\usepackage[T1]{fontenc}
\usepackage{babel}
\usepackage{csquotes}

\usepackage{filecontents}
\begin{filecontents}{person.dbx}
\DeclareDatamodelEntrytypes{person}
\DeclareDatamodelFields[type=list,datatype=name]{name}
\DeclareDatamodelFields[type=list,datatype=literal]{profession,country}
\DeclareDatamodelEntryfields[person]{name,date,profession,country}
\end{filecontents}

\begin{filecontents}{\jobname.bib}
date       = {1899/1977},
profession = {Novelist and poet and translator and professor in entomology},
country    = {Russia and USA and Switzerland},
}
@person{russell,
name       = {Bertrand Russell},
date       = {1872/1970},
profession = {Noble prize laureate and philosopher and logician},
country    = {United Kingdom},
}
@inbook{alys,
title     = {Letter to Alys Pearsall Smith (1893)},
maintitle = {The Selected Letters of Bertrand Russell},
volume    = {1},
booktitle = {The Private Years (1884–1914)},
editor    = {Nicholas Griffin},
}
\end{filecontents}

\usepackage[datamodel=person,backend=biber,style=authortitle,maxitems=999]{biblatex}
\usepackage{hyperref}

\DeclareBibliographyDriver{person}{%
\usebibmacro{bibindex}%
\usebibmacro{begentry}%
\printnames{name}%
\newunit
\printdate
\newunit
\printlist{profession}%
\newunit
\printlist{country}%
\setunit{\bibpagerefpunct}\newblock
\usebibmacro{pageref}%
\newunit\newblock
\iftoggle{bbx:related}
{\usebibmacro{related:init}%
\usebibmacro{related}}
{}%
\usebibmacro{finentry}}

\DeclareCiteCommand{\fullciteperson}
{\usebibmacro{prenote}}
{\usebibmacro{citeindex}%
\usedriver{}{\thefield{entrytype}}}
{\multicitedelim}
{\usebibmacro{postnote}}

\makeatletter
\newenvironment{jorgenquote}[2]
{%
\def\jorgenquote@temp@nameid{#1}%
\def\jorgenquote@temp@citekey{#2}%
\begingroup
\quote
}
{%
\endquote
\endgroup
\par
\expandafter\fullciteperson\expandafter{\jorgenquote@temp@nameid}%
\par
\expandafter\fullcite\expandafter{\jorgenquote@temp@citekey}%
}
\makeatother

\begin{document}

\begin{jorgenquote}{russell}{alys}
I am looking forward very much to getting back to Cambridge, and being able to say what I think and not to mean what I say: two things which at home are impossible. Cambridge is one of the few places where one can talk unlimited nonsense and generalities without anyone pulling one up or confronting one with them when one says just the opposite the next day.
\end{jorgenquote}
\end{document}


Anyway, here is a simple and naive implementation of a database of people with etoolbox.

You can define a new person with \NewPerson{<id>}{<name>}{<date>}{<profession>}{<countries>}. The <id> is used as an internal label/identifier for the person, it should be unique and should only contain characters that are safe as command names (if you use only lowercase ASCII without the characters special for TeX, you should be fine). All properties for a person are saved in internal macros jorgpd@<id>@<property>, the contents of those macros can be retrieved with \csuse.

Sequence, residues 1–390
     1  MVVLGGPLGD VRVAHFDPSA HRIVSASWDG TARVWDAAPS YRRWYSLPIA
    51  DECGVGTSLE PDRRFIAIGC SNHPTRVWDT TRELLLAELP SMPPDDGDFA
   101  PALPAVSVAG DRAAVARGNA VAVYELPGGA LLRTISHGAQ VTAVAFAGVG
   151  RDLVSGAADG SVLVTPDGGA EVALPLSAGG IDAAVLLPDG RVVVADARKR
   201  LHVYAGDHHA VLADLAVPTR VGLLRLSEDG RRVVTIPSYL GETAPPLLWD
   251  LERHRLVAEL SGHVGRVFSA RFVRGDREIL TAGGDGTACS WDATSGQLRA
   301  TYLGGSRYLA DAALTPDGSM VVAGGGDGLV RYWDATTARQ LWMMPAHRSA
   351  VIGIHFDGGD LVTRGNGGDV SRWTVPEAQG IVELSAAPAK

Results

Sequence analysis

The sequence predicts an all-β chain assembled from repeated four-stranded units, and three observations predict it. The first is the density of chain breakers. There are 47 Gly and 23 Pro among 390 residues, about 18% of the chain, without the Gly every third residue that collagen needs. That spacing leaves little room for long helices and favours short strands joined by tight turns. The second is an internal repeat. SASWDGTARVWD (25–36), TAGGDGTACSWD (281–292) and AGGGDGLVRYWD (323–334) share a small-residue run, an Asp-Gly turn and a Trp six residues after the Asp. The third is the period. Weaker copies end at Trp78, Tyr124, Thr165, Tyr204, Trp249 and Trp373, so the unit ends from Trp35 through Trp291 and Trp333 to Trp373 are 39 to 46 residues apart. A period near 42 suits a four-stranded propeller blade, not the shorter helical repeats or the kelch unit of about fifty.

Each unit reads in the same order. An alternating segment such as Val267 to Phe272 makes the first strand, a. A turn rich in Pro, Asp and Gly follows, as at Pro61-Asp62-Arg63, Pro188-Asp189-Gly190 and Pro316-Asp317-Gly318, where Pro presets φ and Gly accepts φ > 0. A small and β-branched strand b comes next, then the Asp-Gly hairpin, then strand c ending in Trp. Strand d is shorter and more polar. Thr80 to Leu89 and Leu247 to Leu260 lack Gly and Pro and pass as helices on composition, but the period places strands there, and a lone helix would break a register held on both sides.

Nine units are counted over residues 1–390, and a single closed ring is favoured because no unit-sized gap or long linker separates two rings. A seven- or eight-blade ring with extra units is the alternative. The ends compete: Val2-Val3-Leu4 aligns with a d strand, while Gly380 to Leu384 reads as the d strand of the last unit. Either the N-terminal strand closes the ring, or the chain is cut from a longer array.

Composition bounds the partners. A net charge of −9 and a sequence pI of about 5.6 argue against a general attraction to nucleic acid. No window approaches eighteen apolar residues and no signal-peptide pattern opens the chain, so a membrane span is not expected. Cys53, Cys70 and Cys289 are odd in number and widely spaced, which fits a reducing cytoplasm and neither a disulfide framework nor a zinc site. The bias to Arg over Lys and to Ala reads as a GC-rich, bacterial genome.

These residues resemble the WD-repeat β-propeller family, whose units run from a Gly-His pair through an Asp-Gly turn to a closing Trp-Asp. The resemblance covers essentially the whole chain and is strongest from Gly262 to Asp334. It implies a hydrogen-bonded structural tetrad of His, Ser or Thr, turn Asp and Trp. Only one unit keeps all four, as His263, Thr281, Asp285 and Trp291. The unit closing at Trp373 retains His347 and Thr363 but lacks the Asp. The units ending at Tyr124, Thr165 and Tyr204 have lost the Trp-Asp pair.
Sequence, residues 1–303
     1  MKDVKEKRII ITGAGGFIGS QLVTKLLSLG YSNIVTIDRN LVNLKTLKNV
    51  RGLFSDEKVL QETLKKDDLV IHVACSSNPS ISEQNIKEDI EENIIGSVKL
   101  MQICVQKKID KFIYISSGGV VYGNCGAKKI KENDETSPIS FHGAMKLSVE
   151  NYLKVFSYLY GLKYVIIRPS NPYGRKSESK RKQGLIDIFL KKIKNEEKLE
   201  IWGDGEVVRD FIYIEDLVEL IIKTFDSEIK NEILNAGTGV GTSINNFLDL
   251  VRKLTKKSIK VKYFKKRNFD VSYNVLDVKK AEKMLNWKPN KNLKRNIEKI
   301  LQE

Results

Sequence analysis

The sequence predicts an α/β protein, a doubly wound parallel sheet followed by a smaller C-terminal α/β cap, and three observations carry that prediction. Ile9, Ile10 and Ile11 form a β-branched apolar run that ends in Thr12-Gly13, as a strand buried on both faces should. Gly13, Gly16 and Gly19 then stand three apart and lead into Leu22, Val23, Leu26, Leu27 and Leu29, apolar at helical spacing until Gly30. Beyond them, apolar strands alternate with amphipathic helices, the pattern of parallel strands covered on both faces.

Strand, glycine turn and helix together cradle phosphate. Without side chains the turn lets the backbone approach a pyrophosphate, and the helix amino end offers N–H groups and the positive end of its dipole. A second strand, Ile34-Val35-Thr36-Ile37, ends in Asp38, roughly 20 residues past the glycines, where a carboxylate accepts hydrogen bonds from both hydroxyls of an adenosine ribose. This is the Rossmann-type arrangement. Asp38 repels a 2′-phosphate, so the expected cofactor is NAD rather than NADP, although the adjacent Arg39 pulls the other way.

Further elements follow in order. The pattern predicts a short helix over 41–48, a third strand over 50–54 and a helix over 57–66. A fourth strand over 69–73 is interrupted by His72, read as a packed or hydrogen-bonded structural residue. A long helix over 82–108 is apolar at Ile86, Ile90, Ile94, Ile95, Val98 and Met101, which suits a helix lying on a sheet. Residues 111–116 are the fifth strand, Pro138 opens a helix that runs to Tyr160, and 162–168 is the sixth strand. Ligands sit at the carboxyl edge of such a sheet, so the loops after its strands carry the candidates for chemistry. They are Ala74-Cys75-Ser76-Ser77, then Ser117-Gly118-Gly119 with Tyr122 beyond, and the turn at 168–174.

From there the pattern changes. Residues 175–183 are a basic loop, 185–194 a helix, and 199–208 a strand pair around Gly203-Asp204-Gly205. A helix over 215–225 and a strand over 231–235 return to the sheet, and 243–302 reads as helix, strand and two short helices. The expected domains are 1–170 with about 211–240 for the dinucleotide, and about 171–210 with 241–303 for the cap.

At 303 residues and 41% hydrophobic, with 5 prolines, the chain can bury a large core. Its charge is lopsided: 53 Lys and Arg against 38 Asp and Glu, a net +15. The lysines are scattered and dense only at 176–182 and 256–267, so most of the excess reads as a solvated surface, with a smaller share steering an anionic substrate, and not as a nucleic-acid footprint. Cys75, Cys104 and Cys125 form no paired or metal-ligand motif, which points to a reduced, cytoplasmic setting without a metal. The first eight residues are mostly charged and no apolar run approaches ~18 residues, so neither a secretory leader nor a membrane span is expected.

\documentclass[british]{article}
\usepackage[T1]{fontenc}
\usepackage[utf8]{inputenc}
\usepackage{babel}
\usepackage{etoolbox}

\newcommand*{\NewPerson}[5]{%
\csdef{jorgpd@#1@name}{#2}%
\csdef{jorgpd@#1@date}{#3}%
\csdef{jorgpd@#1@professsion}{#4}%
\csdef{jorgpd@#1@countries}{#5}%
}

\newcommand*{\AttributePerson}[1]{%
\csuse{jorgpd@#1@name}%
\space
(\csuse{jorgpd@#1@date})%
\space was a\space
\csuse{jorgpd@#1@professsion}%
\space from\space
\csuse{jorgpd@#1@countries}.
}

\begin{document}
{1899-1977}
{Novelist, poet, translator, and professor in entomology}
{Russia, USA, and Switzerland}

\end{document}


Some people may prefer a key-value interface for examples like this, so I copied egreg's answer to xparse and key value arguments that implements a key-value interface with xparse and LaTeX3.

This time \NewPerson has the syntax \NewPerson{<id>}{<prop_1>=<val_1>,...,<prop_n>=<val_n>}, where <prop_i> is one of name, date, profession or country. The data for one person are stored in a so-called property list.

\documentclass[british]{article}
\usepackage[T1]{fontenc}
\usepackage[utf8]{inputenc}
\usepackage{babel}

\usepackage{expl3}
\usepackage{xparse}
\ExplSyntaxOn
% keys
\keys_define:nn { jorgen/person }
{
name       .tl_set:N = \l_jorgen_person_name_tl,
date       .tl_set:N = \l_jorgen_person_date_tl,
profession .tl_set:N = \l_jorgen_person_profession_tl,
countries  .tl_set:N = \l_jorgen_person_countries_tl,
}

% user level commands
\NewDocumentCommand{\NewPerson}{m m}
{
\jorgen_newperson:nn { #1 } { #2 }
}

\NewDocumentCommand{\AttributePerson}{m}
{
\jorgen_attributeperson:n { #1 }
}

% internal functions
\cs_new_protected:Npn \jorgen_newperson:nn #1 #2
{
\group_begin:
\prop_new:c { g_jorgen_person_#1_prop }
\keys_set:nn { jorgen/person } { #2 }
\prop_gput:cnV { g_jorgen_person_#1_prop } { name }       \l_jorgen_person_name_tl
\prop_gput:cnV { g_jorgen_person_#1_prop } { date }       \l_jorgen_person_date_tl
\prop_gput:cnV { g_jorgen_person_#1_prop } { profession } \l_jorgen_person_profession_tl
\prop_gput:cnV { g_jorgen_person_#1_prop } { countries }  \l_jorgen_person_countries_tl
\group_end:
}

\cs_new:Npn \jorgen_person_getvalue:nn #1 #2
{
\prop_item:cn { g_jorgen_person_#1_prop } { #2 }
}
\cs_new_protected:Npn \jorgen_attributeperson:n #1
{
\jorgen_person_getvalue:nn { #1 } { name }~
(\jorgen_person_getvalue:nn { #1 } { date })~
was~a~
\jorgen_person_getvalue:nn { #1 } { profession }~
from~
\jorgen_person_getvalue:nn { #1 } { countries }.
}
\ExplSyntaxOff

\begin{document}